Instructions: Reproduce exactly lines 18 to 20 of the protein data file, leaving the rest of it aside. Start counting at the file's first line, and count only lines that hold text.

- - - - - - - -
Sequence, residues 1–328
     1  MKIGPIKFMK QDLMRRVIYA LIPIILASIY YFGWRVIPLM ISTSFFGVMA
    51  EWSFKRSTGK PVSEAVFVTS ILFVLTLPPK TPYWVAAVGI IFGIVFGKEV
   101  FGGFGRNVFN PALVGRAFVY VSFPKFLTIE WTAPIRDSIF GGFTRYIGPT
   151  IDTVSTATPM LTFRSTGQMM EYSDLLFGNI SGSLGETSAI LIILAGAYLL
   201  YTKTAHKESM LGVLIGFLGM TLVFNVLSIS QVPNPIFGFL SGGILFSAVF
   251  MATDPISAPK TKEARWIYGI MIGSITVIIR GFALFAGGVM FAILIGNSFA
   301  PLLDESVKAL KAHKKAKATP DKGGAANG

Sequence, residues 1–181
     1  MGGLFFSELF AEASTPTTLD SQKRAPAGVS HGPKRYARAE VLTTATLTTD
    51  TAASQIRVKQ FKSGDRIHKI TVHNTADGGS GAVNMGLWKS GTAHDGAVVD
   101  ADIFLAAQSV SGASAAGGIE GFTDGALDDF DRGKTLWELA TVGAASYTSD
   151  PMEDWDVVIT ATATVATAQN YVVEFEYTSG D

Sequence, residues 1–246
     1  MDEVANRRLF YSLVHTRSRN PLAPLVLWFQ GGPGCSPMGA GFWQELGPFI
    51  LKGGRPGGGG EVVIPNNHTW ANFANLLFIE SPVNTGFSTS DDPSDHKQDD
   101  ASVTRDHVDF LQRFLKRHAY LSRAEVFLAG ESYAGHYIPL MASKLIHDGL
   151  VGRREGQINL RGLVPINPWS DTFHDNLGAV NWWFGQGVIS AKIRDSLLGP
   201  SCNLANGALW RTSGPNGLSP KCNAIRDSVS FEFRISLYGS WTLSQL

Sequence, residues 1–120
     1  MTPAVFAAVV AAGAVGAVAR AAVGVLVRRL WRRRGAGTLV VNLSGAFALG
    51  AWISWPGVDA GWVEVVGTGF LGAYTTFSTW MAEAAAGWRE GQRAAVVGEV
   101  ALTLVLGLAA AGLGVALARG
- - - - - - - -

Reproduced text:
   151  VGRREGQINL RGLVPINPWS DTFHDNLGAV NWWFGQGVIS AKIRDSLLGP
   201  SCNLANGALW RTSGPNGLSP KCNAIRDSVS FEFRISLYGS WTLSQL

Sequence, residues 1–120